Levinson.Stackpole.JohnsonHICSS-44

Levinson.Stackpole.JohnsonHICSS-44 - Proceedings of the...

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Third Party Application Forensics on Apple Mobile Devices Alex Levinson Rochester Institute of Technology alex.levinson@mail.rit.edu Bill Stackpole Rochester Institute of Technology bill.stackpole@rit.edu Daryl Johnson Rochester Institute of Technology daryl.johnson@rit.edu Abstract Forensics on mobile devices is not new. Law enforcement and academia have been performing forensics on mobile devices for the past several years. Forensics on mobile third party applications is new. There have been third party applications on mobile devices before today, but none that provided the number of applications available in the iTunes app store. Mobile forensic software tools predominantly addresses "typical" mobile telephony data - contact information, SMS, and voicemail messages. These tools overlook analysis of information saved in third-party apps. Many third-party applications installed in Apple mobile devices leave forensically relevant artifacts available for inspection. This includes information about user accounts, timestamps, geolocational references, additional contact information, native files, and various media files. This information can be made readily available to law enforcement through simple and easy-to-use techniques. 1. Introduction The operative word when describing mobile devices is “mobile”. Individuals carry cellular phones and other mobile devices with them everywhere. Forensic examiners have learned that information from such devices can be invaluable to an investigation. The data stored about the user can provide information about with whom they communicate and where they have traveled, all tied to a common time source (the cellular provider’s system clock.) So-called “smart phones” have expanded the amount of information stored about a user to include email history, location information stored by the device, usernames, passwords, wireless access point associations and other useful information. [1] With the introduction of an application marketplace (commonly referred to as an “app store”), the applications stored on the device have increasingly changed from being completely under the control of the device provider to being defined by the user. 1.1. Apple Devices With the introduction of the iPhone, Apple Computer has created a mobile handheld platform that allows users to install and configure a wide variety of applications via their “app store”. The iPad device, introduced in April 2010, runs most iPhone apps in full functionality, as well as some that have been modified specifically for use with this larger format device. Users select applications of their choice and install them on the device. The application is downloaded to the device from Apple’s servers and installed. The application can now be launched by the user. The application can store data about the user that customizes the app for their use or stores information about how and when they interact with the app. Apps are typically backed up to the personal computer of the user whenever the device is synced as well.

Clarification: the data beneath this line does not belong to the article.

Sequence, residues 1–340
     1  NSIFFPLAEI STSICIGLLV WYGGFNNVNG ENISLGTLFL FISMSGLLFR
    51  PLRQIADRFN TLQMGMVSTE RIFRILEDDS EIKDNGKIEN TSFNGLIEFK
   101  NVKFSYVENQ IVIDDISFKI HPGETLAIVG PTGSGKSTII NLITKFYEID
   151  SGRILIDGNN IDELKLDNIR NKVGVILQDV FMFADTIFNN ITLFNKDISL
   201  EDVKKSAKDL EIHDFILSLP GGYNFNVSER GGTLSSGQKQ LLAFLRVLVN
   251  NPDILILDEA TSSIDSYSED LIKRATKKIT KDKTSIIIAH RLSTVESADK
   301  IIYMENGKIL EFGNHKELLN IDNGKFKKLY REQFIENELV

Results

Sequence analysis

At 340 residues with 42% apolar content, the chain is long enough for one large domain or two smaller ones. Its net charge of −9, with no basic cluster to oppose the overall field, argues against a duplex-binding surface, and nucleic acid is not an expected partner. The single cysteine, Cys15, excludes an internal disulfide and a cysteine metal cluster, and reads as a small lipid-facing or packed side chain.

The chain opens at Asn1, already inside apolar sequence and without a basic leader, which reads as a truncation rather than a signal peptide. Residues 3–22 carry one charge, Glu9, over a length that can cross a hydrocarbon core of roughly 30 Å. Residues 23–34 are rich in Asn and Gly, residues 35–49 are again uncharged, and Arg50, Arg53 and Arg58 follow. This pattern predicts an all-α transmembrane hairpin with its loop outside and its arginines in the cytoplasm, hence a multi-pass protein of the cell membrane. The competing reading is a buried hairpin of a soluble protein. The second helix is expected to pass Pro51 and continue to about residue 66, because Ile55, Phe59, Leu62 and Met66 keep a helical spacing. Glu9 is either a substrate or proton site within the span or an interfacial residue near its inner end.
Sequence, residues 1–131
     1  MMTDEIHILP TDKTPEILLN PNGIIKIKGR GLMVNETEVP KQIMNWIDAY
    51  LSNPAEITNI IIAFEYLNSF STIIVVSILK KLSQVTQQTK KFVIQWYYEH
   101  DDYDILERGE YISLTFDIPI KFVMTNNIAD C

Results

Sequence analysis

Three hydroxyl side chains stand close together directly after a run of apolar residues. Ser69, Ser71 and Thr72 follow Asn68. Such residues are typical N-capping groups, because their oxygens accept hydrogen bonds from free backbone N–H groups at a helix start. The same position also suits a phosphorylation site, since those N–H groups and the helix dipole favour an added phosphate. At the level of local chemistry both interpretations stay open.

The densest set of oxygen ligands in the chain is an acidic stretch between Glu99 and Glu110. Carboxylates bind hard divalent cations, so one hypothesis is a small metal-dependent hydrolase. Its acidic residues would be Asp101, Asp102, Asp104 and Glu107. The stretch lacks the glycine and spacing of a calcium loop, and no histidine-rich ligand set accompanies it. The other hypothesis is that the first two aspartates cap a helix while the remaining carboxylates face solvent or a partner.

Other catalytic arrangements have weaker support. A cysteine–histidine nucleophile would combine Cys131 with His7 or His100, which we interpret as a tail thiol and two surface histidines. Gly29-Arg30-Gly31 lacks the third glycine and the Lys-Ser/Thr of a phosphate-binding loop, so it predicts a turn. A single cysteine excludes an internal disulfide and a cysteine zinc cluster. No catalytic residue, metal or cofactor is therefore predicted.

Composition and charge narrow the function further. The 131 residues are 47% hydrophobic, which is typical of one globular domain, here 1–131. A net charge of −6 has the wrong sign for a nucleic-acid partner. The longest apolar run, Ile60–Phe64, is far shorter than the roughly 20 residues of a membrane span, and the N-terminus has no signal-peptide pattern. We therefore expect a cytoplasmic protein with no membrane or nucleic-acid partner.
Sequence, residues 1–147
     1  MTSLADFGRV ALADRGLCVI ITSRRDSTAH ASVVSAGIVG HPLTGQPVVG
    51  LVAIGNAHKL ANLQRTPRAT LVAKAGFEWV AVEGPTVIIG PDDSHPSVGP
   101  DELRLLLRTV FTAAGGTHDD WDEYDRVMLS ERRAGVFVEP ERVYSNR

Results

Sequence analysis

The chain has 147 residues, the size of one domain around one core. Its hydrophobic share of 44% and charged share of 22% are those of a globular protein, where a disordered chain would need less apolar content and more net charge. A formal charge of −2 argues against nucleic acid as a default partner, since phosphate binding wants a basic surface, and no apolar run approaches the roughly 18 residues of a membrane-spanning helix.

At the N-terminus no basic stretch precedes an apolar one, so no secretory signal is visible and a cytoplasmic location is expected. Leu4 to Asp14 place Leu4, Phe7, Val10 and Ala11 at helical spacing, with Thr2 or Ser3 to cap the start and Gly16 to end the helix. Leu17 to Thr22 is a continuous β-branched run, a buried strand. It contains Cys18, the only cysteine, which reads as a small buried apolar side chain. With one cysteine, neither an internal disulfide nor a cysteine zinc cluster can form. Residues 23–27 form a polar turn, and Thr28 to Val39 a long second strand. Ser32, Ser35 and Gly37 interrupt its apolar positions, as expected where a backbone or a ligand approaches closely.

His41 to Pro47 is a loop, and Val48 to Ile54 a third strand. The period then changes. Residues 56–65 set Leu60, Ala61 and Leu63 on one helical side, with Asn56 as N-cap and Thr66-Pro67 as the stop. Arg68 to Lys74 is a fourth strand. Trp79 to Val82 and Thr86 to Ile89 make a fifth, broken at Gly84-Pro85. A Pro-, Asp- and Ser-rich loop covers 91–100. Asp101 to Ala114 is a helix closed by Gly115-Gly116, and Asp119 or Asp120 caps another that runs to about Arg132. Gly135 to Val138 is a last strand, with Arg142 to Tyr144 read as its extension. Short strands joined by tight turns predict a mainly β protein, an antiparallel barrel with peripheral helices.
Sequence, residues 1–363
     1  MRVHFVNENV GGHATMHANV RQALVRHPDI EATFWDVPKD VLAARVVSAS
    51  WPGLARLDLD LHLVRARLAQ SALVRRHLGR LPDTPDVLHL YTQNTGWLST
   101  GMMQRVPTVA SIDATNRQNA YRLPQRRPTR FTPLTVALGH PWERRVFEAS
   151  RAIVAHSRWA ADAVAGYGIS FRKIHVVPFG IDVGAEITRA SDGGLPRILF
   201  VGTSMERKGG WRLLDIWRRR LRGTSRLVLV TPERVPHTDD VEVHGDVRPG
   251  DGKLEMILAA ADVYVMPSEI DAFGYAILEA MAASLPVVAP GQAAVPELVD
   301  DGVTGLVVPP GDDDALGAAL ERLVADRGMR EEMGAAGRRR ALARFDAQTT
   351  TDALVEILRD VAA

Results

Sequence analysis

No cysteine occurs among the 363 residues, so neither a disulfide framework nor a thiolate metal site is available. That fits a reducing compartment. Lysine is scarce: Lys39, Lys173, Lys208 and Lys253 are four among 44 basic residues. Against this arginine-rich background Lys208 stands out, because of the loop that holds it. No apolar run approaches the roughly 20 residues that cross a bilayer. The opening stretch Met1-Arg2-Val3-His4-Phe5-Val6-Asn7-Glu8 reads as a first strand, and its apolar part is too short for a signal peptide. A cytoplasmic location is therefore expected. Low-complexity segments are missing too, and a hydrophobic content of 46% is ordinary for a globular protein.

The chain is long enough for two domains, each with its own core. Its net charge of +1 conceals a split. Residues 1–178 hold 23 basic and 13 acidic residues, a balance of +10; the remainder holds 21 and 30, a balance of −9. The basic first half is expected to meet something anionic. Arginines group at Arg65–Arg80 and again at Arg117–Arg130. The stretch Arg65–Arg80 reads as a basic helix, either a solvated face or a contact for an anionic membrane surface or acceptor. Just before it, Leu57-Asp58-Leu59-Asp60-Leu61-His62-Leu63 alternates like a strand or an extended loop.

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This note was uploaded on 02/20/2012 for the course 790 373 taught by Professor Boros during the Fall '09 term at Rutgers.

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Levinson.Stackpole.JohnsonHICSS-44 - Proceedings of the...

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